CITES Rosewood Restrictions on Musical Instruments Have Ended

On August 28, 2019, the Conference on International Trade in Endangered Species of Wild Flora and Fauna (CITES) in Geneva, Switzerland voted to exempt finished musical instruments, parts, and accessories from CITES restrictions on all rosewood species except Brazilian rosewood. The restrictions on Brazilian rosewood, whose endangered species status and restrictions predate those on other kinds of rosewood, remain in place.

As of November 26, 2019, the exemption for musical instruments is now in effect, according to the CITES convention. The US Fish and Wildlife Service will no longer issue permits for the export of finished musical instruments, parts, and accessories, bringing an end to much of the headaches that have plagued the musical instruments industry for the last several years.

According to the National Association of Music Merchants (NAMM), CITES member countries outside of the US may still have restrictions in place as they move toward abiding by the musical instruments exemption. NAMM advises anyone exporting instruments from the US to "check with the recipient's country to see what permits, if any, are required."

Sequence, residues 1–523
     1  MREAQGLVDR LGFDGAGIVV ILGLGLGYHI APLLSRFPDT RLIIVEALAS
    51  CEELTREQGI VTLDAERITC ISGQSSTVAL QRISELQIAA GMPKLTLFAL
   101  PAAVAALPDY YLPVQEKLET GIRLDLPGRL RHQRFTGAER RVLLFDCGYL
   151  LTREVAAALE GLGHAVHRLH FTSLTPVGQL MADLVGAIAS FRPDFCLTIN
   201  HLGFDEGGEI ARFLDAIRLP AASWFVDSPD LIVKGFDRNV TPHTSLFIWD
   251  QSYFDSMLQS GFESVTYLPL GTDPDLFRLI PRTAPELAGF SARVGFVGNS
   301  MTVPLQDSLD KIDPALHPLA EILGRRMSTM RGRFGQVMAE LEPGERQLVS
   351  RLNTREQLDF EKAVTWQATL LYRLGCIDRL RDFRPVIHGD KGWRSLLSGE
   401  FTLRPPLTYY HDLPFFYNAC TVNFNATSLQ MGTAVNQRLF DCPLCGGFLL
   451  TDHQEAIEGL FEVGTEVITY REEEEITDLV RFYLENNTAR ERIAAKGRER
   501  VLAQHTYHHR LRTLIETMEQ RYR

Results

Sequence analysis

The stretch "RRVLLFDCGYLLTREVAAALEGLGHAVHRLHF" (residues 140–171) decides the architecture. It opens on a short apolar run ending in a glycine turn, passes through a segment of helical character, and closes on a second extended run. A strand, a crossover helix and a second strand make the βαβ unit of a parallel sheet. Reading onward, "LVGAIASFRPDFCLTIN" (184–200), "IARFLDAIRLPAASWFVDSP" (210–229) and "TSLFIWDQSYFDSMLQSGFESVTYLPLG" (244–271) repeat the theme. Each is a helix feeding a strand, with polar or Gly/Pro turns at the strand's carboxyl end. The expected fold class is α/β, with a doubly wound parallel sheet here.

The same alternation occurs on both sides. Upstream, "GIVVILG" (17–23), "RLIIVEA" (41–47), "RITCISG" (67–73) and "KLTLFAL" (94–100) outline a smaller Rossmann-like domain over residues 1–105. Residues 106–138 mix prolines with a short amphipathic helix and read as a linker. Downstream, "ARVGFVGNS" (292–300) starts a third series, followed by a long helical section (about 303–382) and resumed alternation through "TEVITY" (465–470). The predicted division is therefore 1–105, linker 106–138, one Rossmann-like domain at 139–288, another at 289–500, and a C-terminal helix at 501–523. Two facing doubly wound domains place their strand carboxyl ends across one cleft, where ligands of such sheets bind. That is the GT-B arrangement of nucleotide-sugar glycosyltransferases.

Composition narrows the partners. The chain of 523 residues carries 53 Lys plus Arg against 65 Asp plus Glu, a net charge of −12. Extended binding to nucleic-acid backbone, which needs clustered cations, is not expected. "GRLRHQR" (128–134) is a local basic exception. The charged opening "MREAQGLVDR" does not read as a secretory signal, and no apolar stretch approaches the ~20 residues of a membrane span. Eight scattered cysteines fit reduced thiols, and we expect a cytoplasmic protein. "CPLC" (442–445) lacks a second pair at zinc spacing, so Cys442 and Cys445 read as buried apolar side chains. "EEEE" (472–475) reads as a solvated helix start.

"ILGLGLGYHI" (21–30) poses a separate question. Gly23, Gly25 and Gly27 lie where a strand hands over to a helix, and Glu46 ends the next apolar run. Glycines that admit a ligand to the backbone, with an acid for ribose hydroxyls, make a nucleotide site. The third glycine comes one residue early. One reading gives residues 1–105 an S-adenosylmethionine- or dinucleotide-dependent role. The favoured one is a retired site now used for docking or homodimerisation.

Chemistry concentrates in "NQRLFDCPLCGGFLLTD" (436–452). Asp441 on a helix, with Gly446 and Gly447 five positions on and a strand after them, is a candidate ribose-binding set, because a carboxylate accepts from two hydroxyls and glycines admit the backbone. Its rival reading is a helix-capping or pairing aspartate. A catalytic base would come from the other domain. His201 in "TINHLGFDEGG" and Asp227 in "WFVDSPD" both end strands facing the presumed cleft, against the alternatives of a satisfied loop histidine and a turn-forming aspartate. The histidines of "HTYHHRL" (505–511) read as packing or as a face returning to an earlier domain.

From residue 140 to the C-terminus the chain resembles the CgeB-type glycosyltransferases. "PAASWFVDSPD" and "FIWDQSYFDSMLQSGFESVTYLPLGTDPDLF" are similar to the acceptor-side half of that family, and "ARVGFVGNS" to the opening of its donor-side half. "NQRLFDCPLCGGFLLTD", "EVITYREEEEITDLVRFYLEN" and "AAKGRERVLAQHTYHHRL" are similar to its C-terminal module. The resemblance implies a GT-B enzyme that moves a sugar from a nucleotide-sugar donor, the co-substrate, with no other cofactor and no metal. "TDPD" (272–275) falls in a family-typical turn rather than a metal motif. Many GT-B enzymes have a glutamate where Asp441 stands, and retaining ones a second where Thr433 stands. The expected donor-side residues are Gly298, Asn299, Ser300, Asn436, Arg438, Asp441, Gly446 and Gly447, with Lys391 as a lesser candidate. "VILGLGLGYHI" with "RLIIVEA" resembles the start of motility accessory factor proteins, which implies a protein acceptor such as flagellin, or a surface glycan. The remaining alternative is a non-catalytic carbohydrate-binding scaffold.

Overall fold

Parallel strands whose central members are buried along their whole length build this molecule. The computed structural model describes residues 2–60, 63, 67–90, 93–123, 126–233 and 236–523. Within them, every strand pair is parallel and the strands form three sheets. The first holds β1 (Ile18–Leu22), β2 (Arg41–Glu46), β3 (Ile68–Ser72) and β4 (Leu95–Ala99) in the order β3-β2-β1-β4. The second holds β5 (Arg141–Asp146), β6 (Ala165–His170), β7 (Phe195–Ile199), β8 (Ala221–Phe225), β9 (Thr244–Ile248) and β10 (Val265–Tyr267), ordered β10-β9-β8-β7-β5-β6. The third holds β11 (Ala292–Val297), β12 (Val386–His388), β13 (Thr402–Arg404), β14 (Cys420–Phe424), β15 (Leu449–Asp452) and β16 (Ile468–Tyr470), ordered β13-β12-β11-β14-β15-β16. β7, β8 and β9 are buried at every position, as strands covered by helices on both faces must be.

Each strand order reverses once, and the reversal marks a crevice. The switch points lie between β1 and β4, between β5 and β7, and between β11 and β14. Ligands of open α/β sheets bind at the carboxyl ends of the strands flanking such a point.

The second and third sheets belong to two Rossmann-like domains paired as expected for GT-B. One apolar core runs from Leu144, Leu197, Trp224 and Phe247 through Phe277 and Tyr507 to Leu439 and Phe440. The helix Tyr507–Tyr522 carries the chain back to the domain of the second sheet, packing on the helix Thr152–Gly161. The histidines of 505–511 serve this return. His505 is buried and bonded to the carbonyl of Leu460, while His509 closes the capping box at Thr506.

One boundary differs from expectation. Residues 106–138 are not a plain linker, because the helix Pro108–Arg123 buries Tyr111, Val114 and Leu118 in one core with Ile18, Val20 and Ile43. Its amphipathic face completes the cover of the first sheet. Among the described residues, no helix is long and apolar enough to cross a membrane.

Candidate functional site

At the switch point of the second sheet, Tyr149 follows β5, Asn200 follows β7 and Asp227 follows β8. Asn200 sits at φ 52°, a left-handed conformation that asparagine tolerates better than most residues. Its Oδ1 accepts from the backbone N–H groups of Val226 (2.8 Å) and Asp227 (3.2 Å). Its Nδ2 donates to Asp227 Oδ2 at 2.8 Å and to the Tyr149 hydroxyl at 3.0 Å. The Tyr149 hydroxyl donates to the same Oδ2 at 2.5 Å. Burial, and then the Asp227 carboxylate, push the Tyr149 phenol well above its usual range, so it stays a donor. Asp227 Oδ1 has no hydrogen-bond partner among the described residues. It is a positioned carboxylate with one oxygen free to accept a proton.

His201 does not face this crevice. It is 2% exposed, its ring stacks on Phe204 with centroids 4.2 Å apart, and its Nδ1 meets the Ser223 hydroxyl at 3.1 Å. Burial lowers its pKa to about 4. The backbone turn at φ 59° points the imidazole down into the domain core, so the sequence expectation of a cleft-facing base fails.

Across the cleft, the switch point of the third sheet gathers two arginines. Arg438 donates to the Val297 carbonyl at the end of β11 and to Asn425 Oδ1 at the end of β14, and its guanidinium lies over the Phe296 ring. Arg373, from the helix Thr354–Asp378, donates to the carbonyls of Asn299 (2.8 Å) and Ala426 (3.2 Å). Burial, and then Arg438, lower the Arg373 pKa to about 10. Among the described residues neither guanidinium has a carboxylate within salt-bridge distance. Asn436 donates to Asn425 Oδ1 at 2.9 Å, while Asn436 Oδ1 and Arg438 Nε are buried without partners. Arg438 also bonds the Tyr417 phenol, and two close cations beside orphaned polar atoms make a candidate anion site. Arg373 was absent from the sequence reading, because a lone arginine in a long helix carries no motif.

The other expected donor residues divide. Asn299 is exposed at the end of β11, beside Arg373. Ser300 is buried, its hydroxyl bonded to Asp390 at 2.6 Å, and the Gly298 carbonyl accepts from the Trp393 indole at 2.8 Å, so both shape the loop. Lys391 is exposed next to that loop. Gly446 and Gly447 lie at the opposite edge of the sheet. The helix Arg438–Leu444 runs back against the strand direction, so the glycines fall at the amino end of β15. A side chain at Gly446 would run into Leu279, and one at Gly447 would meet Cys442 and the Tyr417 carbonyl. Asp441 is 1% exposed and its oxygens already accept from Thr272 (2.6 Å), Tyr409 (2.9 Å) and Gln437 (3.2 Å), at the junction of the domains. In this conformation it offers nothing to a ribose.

Note: The European Union will take up to four weeks (or possibly longer) to implement the exemption, according to France's musical instruments trade group CSFI. Until that time, exporting instruments containing rosewood from the EU will still require an export permit. As of November 26, an import permit will still be required for EU member states, but when applying for an import permit, you no longer need to have an accompanying export permit or "CITES Appendix" form. For more info, check out CSFI's website here.

As many Reverb sellers and buyers will know, CITES restrictions on the international trade of rosewood had made the sale of (and sometimes merely the travel with) musical instruments a painful process.

The exemption now in place is the result of a years-long campaign. A coalition of musical instrument manufacturers and other gear industry actors has, since at least 2016, argued that instruments containing rosewood (outside of Brazilian rosewood) should not be restricted by CITES.

When implemented in 2017, the regulations sought to reduce the amount of endangered rosewood, bubinga, and some other tonewoods that are used for manufacturing all kinds of products around the world.

The basic argument made by NAMM and others was that the amount of rosewood used for making musical instruments pales in comparison to the amount used to make furniture, and creates undue burdens for instrument manufacturers, dealers, and buyers. Even with the exemption for finished musical instruments and products, companies that buy raw rosewood will still have to abide by separate protections.

For more information on how to comply with CITES, check out Reverb's Help Center page here.

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